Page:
Nigerian graduate manufactures paint to overcome his disability, provide jobs for unemployed youths

Nigerian graduate manufactures paint to overcome his disability, provide jobs for unemployed youths

- Abisola Odebode struggled to get a job when he graduated from LAUTECH, where he studied mechanical engineering

- Odebode said his disability hasn't been an impediment to him, as he has grown his business to the stage of hiring employees

- He said Nigerian banks will not give him the loan he needs to scale his business because he can't meet their requirement

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Abisola Odebode was born with an abnormal growth in his bone structure. While this disability has often determined the path of individuals born with it, Odebode is one of those changing the narrative.

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He told Legit.ng:

"I don't even see myself as being physically challenged because i do travel for work outside my base (Osun)."

Odebode has been able to overcome what many termed a challenge by investing in his passion, paint production, which has made him an employer of labour, with six employees. But prior to finding his feet in the paint industry, the NYSC trainer had struggled to find a job.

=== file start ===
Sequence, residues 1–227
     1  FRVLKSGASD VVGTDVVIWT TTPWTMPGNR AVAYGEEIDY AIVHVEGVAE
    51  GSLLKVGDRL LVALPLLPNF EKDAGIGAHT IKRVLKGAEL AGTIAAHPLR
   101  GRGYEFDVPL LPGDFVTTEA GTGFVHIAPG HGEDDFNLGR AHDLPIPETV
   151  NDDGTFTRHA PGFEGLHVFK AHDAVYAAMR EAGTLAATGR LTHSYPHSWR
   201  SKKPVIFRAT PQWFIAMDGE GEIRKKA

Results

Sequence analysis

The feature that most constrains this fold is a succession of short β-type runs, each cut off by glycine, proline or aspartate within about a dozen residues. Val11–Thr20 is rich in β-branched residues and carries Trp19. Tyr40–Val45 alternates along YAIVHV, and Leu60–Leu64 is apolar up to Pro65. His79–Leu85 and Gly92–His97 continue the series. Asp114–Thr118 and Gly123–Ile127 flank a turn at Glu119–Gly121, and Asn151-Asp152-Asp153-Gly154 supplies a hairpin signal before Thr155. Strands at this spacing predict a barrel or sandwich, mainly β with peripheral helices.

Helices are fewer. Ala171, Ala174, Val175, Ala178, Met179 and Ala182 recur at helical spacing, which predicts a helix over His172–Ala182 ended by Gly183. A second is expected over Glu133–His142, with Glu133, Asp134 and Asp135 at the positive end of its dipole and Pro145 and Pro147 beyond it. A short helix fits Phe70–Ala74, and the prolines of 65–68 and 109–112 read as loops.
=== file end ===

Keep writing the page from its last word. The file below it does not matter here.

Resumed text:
He studied mechanical engineering at Ladoke Akintola University of Technology, concluding his NYSC service year in 2015. His focus was to secure a blue-collar job, but in 2016, disappointment in securing a private-sector job pushed him into paint production.

Odebode said:

"After my service in 2015, My friend called me and asked me what I was doing to manage but I told him nothing because I was still looking for a white-collar job but one question that he asked me was that did I have any skill but I said no.

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"And this my friend happens to be a mechanical engineer. He acquired roadside mechanic skill before I went to Lautech to study mechanical engineering. So that was how he introduced me to the man that taught me how to produce paint. So I started paint production in Feb 2016."